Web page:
As I've written before here (and I think the American Idol line was mine as well), Barack Obama asserted last week that "The American people aren't stupid." So far, that's more of a hope than something borne out by the evidence of recent elections, or of recent days.

Friday, September 12, 2008


There will be plenty to say about the Palin Doctrine and her approach to foreign policy, assuming she can remember what she's been told it is a little better.

But her nomination has certainly been the buzz, and is largely credited with McCain's convention bump (which, by the way, appears to have peaked.)

There are so many polls now--and there are so many news ones starting soon--that they really are on the verge of being meaningless. I suppose the folks who average them or study the internals have some idea of what they mean, but there are so many premises, which may or may not reflect reality, that to depend on them is silly. Still, what else do we have to talk about?

As for the Palin bump, Nate at FiveThirtyEight suggests there is a theme in these recent polls: And what is that theme? Well, it's that the popular vote and the Electoral College are significantly diverging. Although the Republicans seem to be polling stronger than they were in the pre-convention period almost everywhere, the differences are much larger in traditionally red states, particularly in the South and the rural West.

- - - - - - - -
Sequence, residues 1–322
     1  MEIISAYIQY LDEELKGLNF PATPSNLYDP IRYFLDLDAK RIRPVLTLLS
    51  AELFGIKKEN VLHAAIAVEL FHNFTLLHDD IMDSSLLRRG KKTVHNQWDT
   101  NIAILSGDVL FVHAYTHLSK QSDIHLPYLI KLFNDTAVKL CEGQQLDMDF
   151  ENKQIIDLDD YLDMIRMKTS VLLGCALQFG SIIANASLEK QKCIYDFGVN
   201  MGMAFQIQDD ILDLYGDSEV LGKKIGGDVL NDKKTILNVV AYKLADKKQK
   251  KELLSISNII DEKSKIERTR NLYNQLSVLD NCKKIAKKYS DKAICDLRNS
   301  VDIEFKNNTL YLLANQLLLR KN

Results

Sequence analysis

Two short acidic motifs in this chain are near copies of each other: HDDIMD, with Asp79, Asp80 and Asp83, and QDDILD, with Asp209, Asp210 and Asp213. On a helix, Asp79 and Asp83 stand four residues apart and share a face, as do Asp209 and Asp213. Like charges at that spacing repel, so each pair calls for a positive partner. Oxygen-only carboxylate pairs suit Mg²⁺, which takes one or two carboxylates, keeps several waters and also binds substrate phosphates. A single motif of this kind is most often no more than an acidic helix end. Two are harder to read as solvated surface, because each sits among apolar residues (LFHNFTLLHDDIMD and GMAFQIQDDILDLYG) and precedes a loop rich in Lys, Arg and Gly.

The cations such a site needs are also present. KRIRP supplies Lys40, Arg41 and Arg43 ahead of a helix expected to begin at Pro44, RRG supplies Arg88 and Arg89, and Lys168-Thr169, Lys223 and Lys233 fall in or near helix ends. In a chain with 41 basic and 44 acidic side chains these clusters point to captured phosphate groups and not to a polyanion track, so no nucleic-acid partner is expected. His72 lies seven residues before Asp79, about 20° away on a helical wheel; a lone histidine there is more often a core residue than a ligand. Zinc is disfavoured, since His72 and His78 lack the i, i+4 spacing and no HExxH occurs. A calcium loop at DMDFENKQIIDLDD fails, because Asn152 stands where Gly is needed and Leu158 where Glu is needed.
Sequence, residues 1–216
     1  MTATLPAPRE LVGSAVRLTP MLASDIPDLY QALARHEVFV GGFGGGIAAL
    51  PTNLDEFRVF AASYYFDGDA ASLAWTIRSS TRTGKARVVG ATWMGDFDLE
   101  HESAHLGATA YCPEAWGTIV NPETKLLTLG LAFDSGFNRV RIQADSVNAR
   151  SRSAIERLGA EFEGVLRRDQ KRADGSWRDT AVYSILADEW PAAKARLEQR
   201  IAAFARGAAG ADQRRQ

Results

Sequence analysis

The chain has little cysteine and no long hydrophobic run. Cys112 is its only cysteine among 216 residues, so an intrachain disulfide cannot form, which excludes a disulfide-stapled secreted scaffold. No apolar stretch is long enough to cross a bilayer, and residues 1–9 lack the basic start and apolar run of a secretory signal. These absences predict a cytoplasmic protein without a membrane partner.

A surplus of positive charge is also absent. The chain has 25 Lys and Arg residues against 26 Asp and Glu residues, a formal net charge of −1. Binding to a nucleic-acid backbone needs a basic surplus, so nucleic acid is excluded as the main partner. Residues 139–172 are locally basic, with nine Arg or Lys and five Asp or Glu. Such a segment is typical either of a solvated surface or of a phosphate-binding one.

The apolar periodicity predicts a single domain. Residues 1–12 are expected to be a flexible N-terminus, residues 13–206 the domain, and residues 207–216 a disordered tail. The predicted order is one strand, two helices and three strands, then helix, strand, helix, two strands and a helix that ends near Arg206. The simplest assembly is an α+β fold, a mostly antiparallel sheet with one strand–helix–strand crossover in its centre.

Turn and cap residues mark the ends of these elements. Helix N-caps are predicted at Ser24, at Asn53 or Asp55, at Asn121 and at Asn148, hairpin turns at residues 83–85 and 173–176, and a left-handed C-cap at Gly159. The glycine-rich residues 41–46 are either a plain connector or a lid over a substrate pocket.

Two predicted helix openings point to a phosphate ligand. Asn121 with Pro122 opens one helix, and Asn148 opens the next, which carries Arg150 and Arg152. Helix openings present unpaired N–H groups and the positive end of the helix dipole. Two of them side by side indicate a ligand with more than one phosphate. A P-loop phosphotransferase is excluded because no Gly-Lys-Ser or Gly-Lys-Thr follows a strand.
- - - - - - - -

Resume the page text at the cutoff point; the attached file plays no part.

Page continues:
In other words, McCain is gaining ground among his base in places where it doesn't matter if he gains ground. He was probably going to win that state anyway.

What the aggregate of polls suggests is that this race is very close, and a lot like 2004. We know that in many respects it is clearly different, but there is the possibility that the new factors wind up bringing us to the same virtually deadlocked place. So the few points McCain has moved up in some swing states is what makes this electorally closer.